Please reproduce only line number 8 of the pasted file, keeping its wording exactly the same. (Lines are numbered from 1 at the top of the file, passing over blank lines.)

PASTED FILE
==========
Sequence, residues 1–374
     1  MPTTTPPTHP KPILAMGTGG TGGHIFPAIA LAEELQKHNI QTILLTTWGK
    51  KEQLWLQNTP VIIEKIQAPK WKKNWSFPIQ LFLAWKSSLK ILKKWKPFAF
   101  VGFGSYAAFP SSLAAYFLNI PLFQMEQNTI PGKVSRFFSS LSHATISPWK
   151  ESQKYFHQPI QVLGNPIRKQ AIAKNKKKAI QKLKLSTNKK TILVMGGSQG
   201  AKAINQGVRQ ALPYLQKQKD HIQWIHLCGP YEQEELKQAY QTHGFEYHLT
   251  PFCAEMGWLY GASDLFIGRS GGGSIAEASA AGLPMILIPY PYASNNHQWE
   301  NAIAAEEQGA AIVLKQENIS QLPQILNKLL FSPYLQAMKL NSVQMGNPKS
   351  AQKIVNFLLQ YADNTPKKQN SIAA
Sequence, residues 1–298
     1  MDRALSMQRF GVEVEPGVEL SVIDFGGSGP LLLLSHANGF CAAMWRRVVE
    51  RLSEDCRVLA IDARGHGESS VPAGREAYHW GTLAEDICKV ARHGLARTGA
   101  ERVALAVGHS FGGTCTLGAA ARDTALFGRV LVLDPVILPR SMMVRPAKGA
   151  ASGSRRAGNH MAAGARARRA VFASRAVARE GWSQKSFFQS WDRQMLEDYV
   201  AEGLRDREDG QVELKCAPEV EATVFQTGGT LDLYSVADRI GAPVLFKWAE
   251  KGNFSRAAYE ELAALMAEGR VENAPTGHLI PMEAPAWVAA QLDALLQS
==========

   301  NAIAAEEQGA AIVLKQENIS QLPQILNKLL FSPYLQAMKL NSVQMGNPKS